Sumner wanted no part of it. He declined the mob's security and said no to all their demands, which led to the beginning of Chicago's milk wars.

As one would expect, violence and intimidation was the order of business. Over an 18-month period, there were numerous bombings, dozens of windows smashed, damaged trucks, and drivers and vendors beaten.

Striking dairy farmers and drivers bombed Meadowmoor just after it opened in 1932. Undeterred, the dairy sold its milk at 9 cents a quart — 2 cents below the regular price at other distributors. Capone's mob also extorted New York pizzerias to use only Meadowmoor cheese.

As the battle raged between the unions, the mob, home milk delivery drivers and retail sellers, Sumner and the Milk Wagon Drivers' Union attempted to organize the companies and convert them to an employee wage system. But the Associated Milk Dealers refused and the dairy farmers continued to strike, even though the Supreme Court handed down injunctions against union picketing.

Meadowmoor dairy truck in the river
A milk delivery truck, owned by Meadowmoor Dairies, is seen after striking dairy farmers pushed it into a riverbed.
Keystone-France/Gamma-Keystone/Getty Images


A Landmark Antitrust Settlement

Fast forward to November 1938 when a grand jury indicted 43 individuals with violating the Sherman Act for trying to fix the price of milk. Fourteen corporations and 43 people were indicted, including Sumner and several unions: the Milk Wagon Drivers' Union; the Associated Milk Dealers; the Pure Milk Association; and the Milk Dealers' Bottle Exchange. But not Capone's associates.

Eventually, in 1939, the antitrust case was thrown out by a district court judge but later reinstated by the U.S. Supreme Court.


However, instead of going to trial, the Department of Justice offered the parties the option of signing a consent decree to agree to the following:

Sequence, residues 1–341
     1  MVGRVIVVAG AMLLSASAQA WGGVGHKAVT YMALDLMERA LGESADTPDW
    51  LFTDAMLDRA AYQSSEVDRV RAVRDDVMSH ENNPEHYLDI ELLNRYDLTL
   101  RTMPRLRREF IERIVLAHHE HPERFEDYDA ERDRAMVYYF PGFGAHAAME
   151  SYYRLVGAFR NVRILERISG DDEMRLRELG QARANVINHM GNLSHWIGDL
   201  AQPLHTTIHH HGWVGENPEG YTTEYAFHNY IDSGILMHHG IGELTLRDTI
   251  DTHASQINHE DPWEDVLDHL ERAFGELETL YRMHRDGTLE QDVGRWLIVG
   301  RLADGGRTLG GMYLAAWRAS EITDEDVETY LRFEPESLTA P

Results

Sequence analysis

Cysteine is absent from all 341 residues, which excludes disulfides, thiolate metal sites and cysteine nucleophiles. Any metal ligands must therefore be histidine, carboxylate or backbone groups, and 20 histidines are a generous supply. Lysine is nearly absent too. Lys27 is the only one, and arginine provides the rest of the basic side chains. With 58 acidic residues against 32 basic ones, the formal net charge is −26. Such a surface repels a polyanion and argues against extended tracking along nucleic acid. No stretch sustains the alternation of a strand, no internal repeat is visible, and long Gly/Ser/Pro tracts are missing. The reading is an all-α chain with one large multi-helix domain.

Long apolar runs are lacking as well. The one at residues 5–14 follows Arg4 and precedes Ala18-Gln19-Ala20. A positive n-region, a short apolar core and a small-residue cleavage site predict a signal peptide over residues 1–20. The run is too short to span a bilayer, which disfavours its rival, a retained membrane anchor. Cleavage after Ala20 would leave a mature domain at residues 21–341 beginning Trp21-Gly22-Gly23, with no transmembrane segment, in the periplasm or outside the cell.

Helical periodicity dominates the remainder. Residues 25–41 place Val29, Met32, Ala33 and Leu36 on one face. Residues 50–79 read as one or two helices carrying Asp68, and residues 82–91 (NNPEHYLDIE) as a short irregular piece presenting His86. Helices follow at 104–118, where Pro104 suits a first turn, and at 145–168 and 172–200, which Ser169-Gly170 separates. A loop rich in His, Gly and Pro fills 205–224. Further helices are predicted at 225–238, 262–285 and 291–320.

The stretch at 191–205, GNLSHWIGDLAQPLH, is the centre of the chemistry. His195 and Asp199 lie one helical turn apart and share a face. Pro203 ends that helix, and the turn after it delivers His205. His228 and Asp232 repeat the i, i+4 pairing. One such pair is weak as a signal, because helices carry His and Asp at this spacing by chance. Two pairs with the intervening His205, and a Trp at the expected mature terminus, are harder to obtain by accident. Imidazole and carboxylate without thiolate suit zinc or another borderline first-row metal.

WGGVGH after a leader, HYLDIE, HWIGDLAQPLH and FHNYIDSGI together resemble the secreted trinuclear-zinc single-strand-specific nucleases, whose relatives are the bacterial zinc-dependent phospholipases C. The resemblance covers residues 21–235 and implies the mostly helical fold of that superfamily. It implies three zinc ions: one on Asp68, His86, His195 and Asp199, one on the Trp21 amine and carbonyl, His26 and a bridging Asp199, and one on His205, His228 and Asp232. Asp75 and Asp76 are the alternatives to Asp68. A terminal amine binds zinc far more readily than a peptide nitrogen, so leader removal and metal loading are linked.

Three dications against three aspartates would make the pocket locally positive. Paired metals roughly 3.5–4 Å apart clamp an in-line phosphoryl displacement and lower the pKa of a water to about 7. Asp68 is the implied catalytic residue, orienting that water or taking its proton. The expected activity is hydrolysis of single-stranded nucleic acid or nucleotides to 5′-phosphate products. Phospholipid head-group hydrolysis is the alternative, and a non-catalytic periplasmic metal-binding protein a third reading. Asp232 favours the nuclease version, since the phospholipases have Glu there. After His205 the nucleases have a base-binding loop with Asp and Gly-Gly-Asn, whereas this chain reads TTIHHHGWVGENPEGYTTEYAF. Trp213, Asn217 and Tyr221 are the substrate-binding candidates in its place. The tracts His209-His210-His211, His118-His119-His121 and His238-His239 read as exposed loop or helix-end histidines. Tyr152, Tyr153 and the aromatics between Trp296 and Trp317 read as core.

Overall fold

• The farmers' organizations and unions pledged they wouldn't stop independent producers from marketing milk.
  • Distributors vowed to end price fixing.
  • The drivers' union promised not to hamper store sales of milk.

And thus, the milk wars officially ended in 1940.


Capone Wasn't Crying Over Spilled Milk

By now, Sumner was already voted out of his job as leader of the Milk Wagon Drivers' Union. He seemingly took it with grace by saying, "The young fellows wanted to move in, so we'll have to step out," as reported by the Chicago Tribune. Sumner died in 1946.

So, what about Capone and his direct connection to the Chicago milk wars? Most likely, there isn't much. White notes that both Al and his brother Ralph were in jail when it kicked off. And unlike Hollywood movies, it's unlikely they were pulling too many strings from behind bars.


Capone essentially "retired" from the mob after his imprisonment in 1931, but the Chicago crime syndicate he created continued under the leadership of several disciples like Mafia bosses Paul Ricca and Tony Accardo.

By the time Capone was released from Alcatraz in 1939, he had paresis from a severe case of syphilis that affected his mental and physical health. Doctors noted that he had the cognitive processes of a 12-year-old child. He never returned to Chicago and instead lived out his last years with his family at his Florida mansion, where he died in 1947. He was only 48.